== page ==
Plaintiffs rely on several early cases seeking refunds of state or local taxes claimed to be unconstitutional. Iowa-Des Moines National Bank v. Bennett, 284 U.S. 239 (1931); Carpenter v. Shaw, 280 U.S. 363 (1930); Ward v. Love County, 253 U.S. 17 (1920); Gaar, Scott Co. v. Shannon, 223 U.S. 468 (1912); Atchison, Topeka Santa Fe Ry. v. O'Connor, 223 U.S. 280 (1912). But none of these cases expressly provide a right of action directly under the Constitution. Indeed, four of them were initiated in state court and presumably were founded on state law causes of action. Only Atchison began in federal court, but the opinion does not specify on what basis federal jurisdiction was grounded. In any event, all these cases long predate the development of modern § 1983 law, beginning with Monroe v. Pape, 365 U.S. 167 (1961). Finally, none of the cases cited by plaintiffs, except Atchison, address the question raised in this case, namely, whether an action seeking a refund of unconstitutionally levied taxes survives a state's assertion of sovereign immunity; and Atchison discusses sovereign immunity only obliquely: "If he [the defendant Secretary of State] had no right, as he had not, to collect the money, his doing so in the name of the State cannot protect him." 223 U.S. at 287. Atchison previews the Court's recent decision in McKesson Corp. v. Division of Alcoholic Beverages Tobacco, ___ U.S. ___, ___, 110 S. Ct. 2238, 2247 (1990), that due process requires that states provide a meaningful remedy for taxpayers challenging the constitutionality of their tax obligations. Atchison does not, however, say that a taxpayer may overcome sovereign immunity in a suit brought directly under the Fourteenth Amendment. Recent Eleventh Amendment decisions demonstrate the Supreme Court's unwillingness to override sovereign immunity absent a clear statement by Congress to that effect. See, e.g., Atascadero State Hospital v. Scanlon, 473 U.S. 234, 243 (1985). Federal sovereign immunity was not an issue in Bivens and its progeny because those cases involved suits not against the sovereign but against federal officials in their personal capacities. See Carlson v. Green, 446 U.S. 14 (1980); Davis v. Passman, 442 U.S. 228 (1979).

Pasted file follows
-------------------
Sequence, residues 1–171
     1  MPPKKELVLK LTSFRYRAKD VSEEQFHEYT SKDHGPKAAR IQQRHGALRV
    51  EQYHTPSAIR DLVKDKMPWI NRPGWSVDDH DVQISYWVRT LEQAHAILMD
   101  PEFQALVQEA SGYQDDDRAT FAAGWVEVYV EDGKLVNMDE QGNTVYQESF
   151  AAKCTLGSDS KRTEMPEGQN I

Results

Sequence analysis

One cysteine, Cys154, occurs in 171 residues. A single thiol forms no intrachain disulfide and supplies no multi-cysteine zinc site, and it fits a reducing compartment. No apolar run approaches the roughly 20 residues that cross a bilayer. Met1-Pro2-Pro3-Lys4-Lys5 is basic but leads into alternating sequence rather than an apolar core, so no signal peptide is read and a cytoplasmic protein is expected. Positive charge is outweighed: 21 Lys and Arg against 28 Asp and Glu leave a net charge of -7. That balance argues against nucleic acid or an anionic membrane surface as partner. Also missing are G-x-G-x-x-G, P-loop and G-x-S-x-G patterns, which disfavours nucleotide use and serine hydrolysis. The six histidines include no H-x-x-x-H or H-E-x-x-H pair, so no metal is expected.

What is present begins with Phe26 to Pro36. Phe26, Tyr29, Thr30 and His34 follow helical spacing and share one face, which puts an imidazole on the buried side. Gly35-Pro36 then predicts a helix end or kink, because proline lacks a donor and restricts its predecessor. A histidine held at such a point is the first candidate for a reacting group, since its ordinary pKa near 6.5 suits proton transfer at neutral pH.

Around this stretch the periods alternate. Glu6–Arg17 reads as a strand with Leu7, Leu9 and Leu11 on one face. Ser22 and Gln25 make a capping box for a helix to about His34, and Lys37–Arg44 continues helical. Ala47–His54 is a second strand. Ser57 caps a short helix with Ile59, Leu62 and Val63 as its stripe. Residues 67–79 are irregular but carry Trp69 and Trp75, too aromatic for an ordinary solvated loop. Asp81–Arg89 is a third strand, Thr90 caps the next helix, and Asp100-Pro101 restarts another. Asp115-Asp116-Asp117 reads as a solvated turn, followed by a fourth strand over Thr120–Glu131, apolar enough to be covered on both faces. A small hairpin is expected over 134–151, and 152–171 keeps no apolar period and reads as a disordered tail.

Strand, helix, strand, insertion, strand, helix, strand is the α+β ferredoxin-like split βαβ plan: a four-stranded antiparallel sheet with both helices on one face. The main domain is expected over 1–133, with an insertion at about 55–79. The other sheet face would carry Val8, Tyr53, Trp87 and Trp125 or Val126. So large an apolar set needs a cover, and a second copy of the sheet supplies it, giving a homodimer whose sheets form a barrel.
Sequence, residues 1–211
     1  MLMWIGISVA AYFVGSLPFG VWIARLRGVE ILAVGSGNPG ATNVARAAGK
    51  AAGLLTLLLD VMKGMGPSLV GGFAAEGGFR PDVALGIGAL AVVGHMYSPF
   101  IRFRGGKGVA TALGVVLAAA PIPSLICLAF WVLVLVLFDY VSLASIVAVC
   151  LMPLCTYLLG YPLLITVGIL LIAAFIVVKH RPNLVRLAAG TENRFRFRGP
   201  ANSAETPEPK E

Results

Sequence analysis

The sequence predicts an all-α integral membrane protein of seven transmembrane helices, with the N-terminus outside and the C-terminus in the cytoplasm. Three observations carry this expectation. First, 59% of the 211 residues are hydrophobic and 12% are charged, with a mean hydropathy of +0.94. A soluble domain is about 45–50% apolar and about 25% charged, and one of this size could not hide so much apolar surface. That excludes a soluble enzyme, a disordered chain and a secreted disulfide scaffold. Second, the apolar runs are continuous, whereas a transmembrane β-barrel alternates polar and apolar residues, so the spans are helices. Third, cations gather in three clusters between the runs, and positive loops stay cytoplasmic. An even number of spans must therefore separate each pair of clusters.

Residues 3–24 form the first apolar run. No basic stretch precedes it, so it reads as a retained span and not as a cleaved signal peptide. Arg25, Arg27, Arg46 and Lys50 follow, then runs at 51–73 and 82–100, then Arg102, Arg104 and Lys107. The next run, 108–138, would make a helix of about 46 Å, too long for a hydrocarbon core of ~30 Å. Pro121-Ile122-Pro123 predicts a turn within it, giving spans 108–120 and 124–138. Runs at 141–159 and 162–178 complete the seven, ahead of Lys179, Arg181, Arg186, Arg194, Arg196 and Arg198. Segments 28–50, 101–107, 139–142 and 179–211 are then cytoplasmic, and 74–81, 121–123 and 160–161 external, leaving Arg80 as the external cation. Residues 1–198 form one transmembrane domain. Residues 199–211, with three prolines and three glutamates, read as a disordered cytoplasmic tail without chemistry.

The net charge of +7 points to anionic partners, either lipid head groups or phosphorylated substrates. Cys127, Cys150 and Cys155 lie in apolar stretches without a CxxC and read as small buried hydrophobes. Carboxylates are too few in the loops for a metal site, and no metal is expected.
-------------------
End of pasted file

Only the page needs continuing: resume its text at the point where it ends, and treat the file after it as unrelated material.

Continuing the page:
B. Sovereign Immunity
1. Scope of Remand
After remand from the United States Supreme Court and this Court, the State raised for the first time the defense of sovereign immunity. Initially, plaintiffs object to this defense on the ground that the Supreme Court remanded for the sole purpose of directing a refund. For several reasons, we reject this attempt to limit or avoid issues raised below.
The State first responded to the complaint by filing a motion to dismiss, asserting the constitutionality of its taxation scheme. That motion was granted by the superior court. As a matter of pleading, therefore, the State was not at that time required to file an answer or affirmative defenses — which were due only ten days after the motion was denied. V.R.C.P. 12(a). The United States Supreme Court ultimately denied the State's motion, and, until remand, no obligation to plead an affirmative defense existed. Unless somehow barred by the United States Supreme Court's mandate, the State's answer and affirmative defenses, filed September 12, 1985, were timely. See Patsy v. Board of Regents of State of Florida, 457 U.S. 496, 515 n.19 (1982) (sovereign immunity defense may be raised on remand after appeal from lower court's dismissal of action on the pleadings). Therefore, plaintiffs' reliance on cases barring new issues after remand, when those cases had already been tried prior to appeal, is unavailing. The Supreme Court explicitly recognized that a full record had not been developed but that the "action was dismissed for failure to state a claim before an answer was filed." Williams v. Vermont, 472 U.S. at 28.